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Lost Turquoise Mine of Slocum Mountain


Slocum Mountain and the majority of the surrounding hills are mostly composed of highly weathered Mesozoic-age granitic rock. A few small exposures of Tertiary volcanic rocks occur on Slocum Mountain; much larger exposures of similar rock crop out 10 miles northwest of Slocum Mountain at Eagle Crags. To the south of Slocum Mountain, in the Opal Mountain/Black Mountain area, Miocene volcanic and pyroclastic rocks and younger Pleistocene basalts are abundant.

A few miles west of Slocum Mountain lie a series of heavily weathered and dissected hills that extend roughly 7 miles in a northwest-southeast direction. These small hills are composed of hypabyssal Tertiary-age rhyolite. But again, most of the underlying bedrock in the area consists of Mesozoic granitic rock. The heavily weathered granite is ideal host rock for veinlets and nodules of turquoise.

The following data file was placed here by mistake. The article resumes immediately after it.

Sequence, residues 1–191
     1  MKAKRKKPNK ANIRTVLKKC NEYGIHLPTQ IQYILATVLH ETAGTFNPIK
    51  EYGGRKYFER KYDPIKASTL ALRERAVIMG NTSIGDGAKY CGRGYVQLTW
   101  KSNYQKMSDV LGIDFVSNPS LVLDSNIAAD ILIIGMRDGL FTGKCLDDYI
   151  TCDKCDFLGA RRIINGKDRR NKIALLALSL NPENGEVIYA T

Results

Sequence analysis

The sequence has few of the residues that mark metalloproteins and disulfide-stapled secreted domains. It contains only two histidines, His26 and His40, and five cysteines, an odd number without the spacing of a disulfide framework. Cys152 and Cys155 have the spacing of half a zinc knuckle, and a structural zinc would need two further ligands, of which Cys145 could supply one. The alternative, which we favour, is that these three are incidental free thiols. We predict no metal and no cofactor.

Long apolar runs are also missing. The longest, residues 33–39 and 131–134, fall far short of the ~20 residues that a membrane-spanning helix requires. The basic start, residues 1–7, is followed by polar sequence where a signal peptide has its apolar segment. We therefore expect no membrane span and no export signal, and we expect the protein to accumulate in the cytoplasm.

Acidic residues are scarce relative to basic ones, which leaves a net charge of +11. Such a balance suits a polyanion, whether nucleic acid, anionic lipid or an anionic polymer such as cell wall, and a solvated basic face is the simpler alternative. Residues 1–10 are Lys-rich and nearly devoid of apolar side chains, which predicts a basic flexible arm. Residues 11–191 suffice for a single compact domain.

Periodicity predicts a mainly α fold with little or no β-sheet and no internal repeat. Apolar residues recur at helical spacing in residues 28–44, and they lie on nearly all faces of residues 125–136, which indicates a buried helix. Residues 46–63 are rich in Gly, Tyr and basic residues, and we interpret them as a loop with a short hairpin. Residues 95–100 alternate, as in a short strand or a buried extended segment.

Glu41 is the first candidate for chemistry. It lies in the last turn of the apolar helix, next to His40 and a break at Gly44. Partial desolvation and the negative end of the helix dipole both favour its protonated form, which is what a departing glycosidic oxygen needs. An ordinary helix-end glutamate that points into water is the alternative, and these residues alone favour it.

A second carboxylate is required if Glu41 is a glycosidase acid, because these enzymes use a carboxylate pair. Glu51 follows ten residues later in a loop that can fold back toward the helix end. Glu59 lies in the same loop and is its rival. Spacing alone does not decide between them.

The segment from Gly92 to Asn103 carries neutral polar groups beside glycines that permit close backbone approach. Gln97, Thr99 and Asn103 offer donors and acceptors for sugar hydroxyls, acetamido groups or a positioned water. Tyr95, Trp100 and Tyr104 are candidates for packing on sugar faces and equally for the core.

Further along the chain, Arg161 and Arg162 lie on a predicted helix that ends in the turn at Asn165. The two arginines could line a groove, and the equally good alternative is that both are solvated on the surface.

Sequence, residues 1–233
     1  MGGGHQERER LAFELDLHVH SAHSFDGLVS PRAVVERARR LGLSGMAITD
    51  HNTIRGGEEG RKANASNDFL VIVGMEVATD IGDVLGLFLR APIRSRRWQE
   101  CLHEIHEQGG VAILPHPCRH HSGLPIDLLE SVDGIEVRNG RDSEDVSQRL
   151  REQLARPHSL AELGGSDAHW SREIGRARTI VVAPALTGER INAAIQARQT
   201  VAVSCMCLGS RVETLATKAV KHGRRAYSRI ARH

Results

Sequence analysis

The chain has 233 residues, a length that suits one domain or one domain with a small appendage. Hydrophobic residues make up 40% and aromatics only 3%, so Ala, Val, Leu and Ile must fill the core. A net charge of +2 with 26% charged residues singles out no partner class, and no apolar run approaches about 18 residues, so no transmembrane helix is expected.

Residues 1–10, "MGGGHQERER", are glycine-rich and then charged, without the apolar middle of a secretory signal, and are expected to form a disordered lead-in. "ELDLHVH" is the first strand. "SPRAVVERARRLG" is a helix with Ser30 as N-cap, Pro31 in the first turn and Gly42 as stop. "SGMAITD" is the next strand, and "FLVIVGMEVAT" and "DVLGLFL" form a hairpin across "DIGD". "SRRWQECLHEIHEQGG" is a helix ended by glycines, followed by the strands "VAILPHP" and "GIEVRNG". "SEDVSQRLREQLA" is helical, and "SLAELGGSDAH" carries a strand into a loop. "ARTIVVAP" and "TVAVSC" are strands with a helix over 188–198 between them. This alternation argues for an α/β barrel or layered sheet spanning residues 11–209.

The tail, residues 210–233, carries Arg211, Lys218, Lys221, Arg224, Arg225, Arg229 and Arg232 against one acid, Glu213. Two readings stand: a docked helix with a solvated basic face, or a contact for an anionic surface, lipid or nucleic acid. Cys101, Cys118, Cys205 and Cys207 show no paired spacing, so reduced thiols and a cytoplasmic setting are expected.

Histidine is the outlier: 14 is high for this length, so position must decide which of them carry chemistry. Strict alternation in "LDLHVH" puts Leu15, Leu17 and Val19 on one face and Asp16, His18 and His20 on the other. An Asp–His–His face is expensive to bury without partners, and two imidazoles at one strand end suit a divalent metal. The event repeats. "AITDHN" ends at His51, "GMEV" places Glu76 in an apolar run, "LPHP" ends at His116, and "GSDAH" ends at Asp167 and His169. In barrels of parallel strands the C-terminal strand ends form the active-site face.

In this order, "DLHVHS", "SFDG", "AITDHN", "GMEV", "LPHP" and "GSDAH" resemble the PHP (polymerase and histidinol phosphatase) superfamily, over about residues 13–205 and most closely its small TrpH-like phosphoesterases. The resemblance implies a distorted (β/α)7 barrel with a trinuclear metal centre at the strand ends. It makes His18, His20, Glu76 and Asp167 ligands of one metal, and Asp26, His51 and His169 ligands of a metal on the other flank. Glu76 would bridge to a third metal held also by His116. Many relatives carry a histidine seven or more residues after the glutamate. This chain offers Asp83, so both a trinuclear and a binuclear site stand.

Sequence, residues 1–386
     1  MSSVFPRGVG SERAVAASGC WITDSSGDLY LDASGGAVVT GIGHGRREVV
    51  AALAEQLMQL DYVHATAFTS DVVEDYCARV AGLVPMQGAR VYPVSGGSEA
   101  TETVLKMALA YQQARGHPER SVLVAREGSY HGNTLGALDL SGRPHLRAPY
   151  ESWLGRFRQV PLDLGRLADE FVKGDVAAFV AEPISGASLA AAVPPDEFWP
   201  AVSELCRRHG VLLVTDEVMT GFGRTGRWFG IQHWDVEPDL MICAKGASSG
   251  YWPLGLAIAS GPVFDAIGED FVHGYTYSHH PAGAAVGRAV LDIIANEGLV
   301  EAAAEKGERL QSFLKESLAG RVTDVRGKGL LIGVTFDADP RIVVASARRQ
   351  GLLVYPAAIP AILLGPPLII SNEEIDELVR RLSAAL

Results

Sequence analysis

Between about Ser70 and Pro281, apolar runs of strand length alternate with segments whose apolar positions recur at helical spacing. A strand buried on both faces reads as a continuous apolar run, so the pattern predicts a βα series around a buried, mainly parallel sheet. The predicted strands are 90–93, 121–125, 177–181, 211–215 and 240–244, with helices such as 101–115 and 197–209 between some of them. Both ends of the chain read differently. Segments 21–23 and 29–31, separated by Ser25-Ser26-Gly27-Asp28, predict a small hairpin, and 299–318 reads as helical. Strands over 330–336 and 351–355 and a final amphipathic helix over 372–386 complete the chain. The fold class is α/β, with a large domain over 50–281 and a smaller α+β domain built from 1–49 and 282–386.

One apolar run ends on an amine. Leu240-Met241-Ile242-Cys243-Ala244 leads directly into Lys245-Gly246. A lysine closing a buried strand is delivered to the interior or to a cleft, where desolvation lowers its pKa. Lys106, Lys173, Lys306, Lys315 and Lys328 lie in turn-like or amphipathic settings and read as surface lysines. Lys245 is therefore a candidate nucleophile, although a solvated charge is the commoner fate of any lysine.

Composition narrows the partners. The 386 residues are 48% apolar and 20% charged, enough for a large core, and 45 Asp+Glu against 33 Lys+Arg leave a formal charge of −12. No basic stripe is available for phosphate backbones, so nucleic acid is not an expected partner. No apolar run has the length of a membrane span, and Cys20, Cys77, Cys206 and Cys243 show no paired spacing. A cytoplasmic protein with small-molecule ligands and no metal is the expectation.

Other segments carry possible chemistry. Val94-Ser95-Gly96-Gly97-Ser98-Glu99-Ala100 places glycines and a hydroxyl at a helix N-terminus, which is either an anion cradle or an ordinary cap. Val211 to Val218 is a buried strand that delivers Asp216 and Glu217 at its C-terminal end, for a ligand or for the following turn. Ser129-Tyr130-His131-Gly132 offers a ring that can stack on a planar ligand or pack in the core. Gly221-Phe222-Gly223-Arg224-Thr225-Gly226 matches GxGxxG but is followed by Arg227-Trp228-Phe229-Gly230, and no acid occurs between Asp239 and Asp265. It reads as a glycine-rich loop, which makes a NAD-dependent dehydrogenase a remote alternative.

Turquoise is found only in the oxidized zone of primary copper deposits, usually within about 150 feet of the surface. It almost invariably occurs in arid regions and is generally associated with silicic igneous rocks like granite, rhyolite, and trachyte. Extreme alteration of the host rock combined with copper and phosphorus-rich fluids produces an environment conducive to the formation of turquoise deposits. Slocum Mountain and most of the surrounding hills are predominantly composed of highly weathered granitic rock.

This is ideal host rock for veinlets and nodules of turquoise. Prospectors may want to concentrate on the western slopes of Slocum Mountain. The Morrow brothers' account places the mine on a low ridge or hillock on the west side of the mountain, and this is certainly as good a place as any to start. Prospectors should realize that Slocum Mountain lies just inside the China Lake Naval Weapons Center. Permission is required to enter this facility.